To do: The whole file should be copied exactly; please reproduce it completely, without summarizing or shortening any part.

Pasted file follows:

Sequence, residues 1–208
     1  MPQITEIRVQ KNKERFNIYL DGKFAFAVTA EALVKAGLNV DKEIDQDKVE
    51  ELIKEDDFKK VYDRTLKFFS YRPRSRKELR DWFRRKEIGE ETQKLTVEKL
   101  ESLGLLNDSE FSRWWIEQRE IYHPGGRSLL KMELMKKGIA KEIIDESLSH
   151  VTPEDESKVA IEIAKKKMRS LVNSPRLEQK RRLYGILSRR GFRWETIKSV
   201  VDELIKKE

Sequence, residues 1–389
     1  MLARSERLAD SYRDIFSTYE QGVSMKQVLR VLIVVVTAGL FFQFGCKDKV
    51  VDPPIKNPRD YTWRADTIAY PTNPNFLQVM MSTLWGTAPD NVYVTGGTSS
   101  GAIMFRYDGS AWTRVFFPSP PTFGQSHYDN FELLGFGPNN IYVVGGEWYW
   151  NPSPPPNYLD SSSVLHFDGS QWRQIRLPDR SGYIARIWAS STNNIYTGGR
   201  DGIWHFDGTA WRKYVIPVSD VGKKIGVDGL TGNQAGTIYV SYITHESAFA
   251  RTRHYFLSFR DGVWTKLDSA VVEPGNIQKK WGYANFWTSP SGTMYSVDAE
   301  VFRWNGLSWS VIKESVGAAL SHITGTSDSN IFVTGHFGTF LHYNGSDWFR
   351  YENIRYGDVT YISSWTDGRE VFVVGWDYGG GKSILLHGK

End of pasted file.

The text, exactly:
Sequence, residues 1–208
     1  MPQITEIRVQ KNKERFNIYL DGKFAFAVTA EALVKAGLNV DKEIDQDKVE
    51  ELIKEDDFKK VYDRTLKFFS YRPRSRKELR DWFRRKEIGE ETQKLTVEKL
   101  ESLGLLNDSE FSRWWIEQRE IYHPGGRSLL KMELMKKGIA KEIIDESLSH
   151  VTPEDESKVA IEIAKKKMRS LVNSPRLEQK RRLYGILSRR GFRWETIKSV
   201  VDELIKKE

Sequence, residues 1–389
     1  MLARSERLAD SYRDIFSTYE QGVSMKQVLR VLIVVVTAGL FFQFGCKDKV
    51  VDPPIKNPRD YTWRADTIAY PTNPNFLQVM MSTLWGTAPD NVYVTGGTSS
   101  GAIMFRYDGS AWTRVFFPSP PTFGQSHYDN FELLGFGPNN IYVVGGEWYW
   151  NPSPPPNYLD SSSVLHFDGS QWRQIRLPDR SGYIARIWAS STNNIYTGGR
   201  DGIWHFDGTA WRKYVIPVSD VGKKIGVDGL TGNQAGTIYV SYITHESAFA
   251  RTRHYFLSFR DGVWTKLDSA VVEPGNIQKK WGYANFWTSP SGTMYSVDAE
   301  VFRWNGLSWS VIKESVGAAL SHITGTSDSN IFVTGHFGTF LHYNGSDWFR
   351  YENIRYGDVT YISSWTDGRE VFVVGWDYGG GKSILLHGK